# Linear Regression from Scratch in JS — First Foray into ML for Web Developers.

## The HTML

We’ll start by adding a bit of HTML to our page so we can see what’s up and use our model in real time. I’ll use Bootstrap (V5) and Chart.js just fancy things up.

## Getting the values from the user

The user will need to input at least 3 numeric values in both input areas. Then we can simply get them as a string and convert that into an array of numbers to do our computations on.

## Finding the slope

Linear regression is essentially finding the line of best given the x & y values — we’ll be using the Least Squares Method to do just that. Finding “m” lets us know how steep the line is

## Finding the intercept

The intercept refers to the “b” in y=m*x+b and represents the value where the line intersects the y-axis. The formula for this is relatively straightforward.

## Predicting using our model

Now that we have our linear regression formula, we can enter the x values to see what the model predicts and then use the predictions against the true y values.

## Finding the error

To know how well our model is performing, we can use a pretty handy metric called the R2 score. R2 score, r², is, in a sense, a measure of how much prediction error is eliminated when we employ least-squares regression — with a score of 1 being a perfect fit. R2 is simply the sum of the squares of the differences of predicted and actual values upon the sum of the squares of the differences in actual values and their mean. RSS is the sum of the squares of the differences of predicted and actual values TSS is the sum of the squares of the differences in actual values and their mean.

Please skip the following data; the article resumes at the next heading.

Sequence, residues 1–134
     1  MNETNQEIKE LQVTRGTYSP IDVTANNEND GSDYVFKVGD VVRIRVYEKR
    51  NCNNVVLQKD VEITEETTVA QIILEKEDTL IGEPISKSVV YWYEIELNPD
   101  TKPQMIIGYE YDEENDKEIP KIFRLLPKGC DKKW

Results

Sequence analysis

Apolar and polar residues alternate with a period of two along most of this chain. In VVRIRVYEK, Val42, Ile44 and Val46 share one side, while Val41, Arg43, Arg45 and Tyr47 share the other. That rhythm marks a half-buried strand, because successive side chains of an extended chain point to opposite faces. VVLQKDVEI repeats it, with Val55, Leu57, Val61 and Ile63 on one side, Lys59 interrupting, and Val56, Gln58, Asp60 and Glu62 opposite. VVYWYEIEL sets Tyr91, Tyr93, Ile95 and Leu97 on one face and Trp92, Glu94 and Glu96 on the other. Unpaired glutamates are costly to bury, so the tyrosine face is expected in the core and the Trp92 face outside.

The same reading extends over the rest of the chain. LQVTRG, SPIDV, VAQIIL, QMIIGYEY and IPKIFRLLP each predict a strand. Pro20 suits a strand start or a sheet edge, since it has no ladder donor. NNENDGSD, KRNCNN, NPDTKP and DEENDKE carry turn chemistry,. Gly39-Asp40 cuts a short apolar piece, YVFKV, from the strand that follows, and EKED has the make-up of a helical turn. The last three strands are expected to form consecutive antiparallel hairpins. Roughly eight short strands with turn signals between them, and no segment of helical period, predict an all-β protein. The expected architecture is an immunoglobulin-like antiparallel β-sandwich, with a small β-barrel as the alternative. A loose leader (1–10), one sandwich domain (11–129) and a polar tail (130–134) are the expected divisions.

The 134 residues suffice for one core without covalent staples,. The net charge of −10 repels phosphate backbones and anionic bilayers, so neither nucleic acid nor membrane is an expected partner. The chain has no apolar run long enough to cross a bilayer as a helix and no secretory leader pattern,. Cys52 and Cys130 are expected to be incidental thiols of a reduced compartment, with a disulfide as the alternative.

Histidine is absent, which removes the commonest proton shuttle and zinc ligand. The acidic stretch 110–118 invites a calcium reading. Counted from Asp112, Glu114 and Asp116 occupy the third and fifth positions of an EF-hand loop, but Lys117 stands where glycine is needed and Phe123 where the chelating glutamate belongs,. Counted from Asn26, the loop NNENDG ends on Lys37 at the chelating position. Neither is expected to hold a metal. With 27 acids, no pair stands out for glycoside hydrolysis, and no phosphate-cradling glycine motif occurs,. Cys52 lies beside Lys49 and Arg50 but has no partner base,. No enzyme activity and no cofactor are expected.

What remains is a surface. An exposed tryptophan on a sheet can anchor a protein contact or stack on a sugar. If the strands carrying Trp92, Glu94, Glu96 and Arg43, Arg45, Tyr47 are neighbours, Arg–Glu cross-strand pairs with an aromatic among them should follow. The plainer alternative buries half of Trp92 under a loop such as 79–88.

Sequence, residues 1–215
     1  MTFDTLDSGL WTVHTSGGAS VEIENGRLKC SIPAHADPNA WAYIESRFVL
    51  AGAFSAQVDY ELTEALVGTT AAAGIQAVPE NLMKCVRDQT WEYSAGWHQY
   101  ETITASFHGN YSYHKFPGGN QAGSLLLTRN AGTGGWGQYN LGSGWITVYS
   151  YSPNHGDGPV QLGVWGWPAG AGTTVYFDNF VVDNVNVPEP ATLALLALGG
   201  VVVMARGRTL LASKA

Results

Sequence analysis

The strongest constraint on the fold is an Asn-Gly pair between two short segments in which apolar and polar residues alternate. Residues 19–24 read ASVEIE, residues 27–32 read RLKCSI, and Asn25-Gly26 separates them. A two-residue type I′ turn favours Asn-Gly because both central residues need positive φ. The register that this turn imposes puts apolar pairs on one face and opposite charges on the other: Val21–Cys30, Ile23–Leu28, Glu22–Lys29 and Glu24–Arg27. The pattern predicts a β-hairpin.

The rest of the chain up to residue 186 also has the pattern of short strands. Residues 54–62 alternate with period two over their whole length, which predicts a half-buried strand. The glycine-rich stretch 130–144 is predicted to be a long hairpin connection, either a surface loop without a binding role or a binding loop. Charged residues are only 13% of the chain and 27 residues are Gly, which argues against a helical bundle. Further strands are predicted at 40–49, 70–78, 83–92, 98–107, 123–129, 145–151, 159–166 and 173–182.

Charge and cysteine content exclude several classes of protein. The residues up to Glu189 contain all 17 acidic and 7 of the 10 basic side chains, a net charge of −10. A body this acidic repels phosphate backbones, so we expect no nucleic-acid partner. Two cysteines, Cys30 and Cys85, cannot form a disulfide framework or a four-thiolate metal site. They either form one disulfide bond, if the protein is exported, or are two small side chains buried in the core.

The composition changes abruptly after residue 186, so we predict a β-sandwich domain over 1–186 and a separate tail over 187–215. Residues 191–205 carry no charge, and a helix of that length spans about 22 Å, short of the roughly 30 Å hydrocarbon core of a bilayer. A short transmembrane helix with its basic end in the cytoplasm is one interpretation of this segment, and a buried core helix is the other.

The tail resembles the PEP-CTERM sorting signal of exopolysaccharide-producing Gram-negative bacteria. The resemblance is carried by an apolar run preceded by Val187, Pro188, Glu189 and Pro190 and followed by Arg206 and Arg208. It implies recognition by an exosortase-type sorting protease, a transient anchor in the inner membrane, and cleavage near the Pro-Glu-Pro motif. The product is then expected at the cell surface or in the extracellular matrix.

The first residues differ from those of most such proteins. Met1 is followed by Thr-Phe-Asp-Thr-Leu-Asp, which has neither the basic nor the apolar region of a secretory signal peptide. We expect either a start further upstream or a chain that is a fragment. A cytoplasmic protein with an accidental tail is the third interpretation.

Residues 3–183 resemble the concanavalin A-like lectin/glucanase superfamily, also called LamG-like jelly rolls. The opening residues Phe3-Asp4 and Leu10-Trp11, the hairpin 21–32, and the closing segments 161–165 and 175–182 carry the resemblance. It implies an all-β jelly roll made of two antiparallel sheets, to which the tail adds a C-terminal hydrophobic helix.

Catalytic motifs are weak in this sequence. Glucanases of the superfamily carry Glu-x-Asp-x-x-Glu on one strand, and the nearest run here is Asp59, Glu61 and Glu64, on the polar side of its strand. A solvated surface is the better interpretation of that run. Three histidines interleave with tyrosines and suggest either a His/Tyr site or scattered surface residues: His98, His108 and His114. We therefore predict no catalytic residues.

## Displaying the results

Calculating it all is awesome, but it would be even better if we can visualize the results. We’ll use Chart.js to plot the actual and predicted values and add the equation to the user’s screen. A pretty chart always makes everything look better

## The Pen

Nothing’s fun without a demo; the pen’s below and I’ve broken the functions for the sake of readability.

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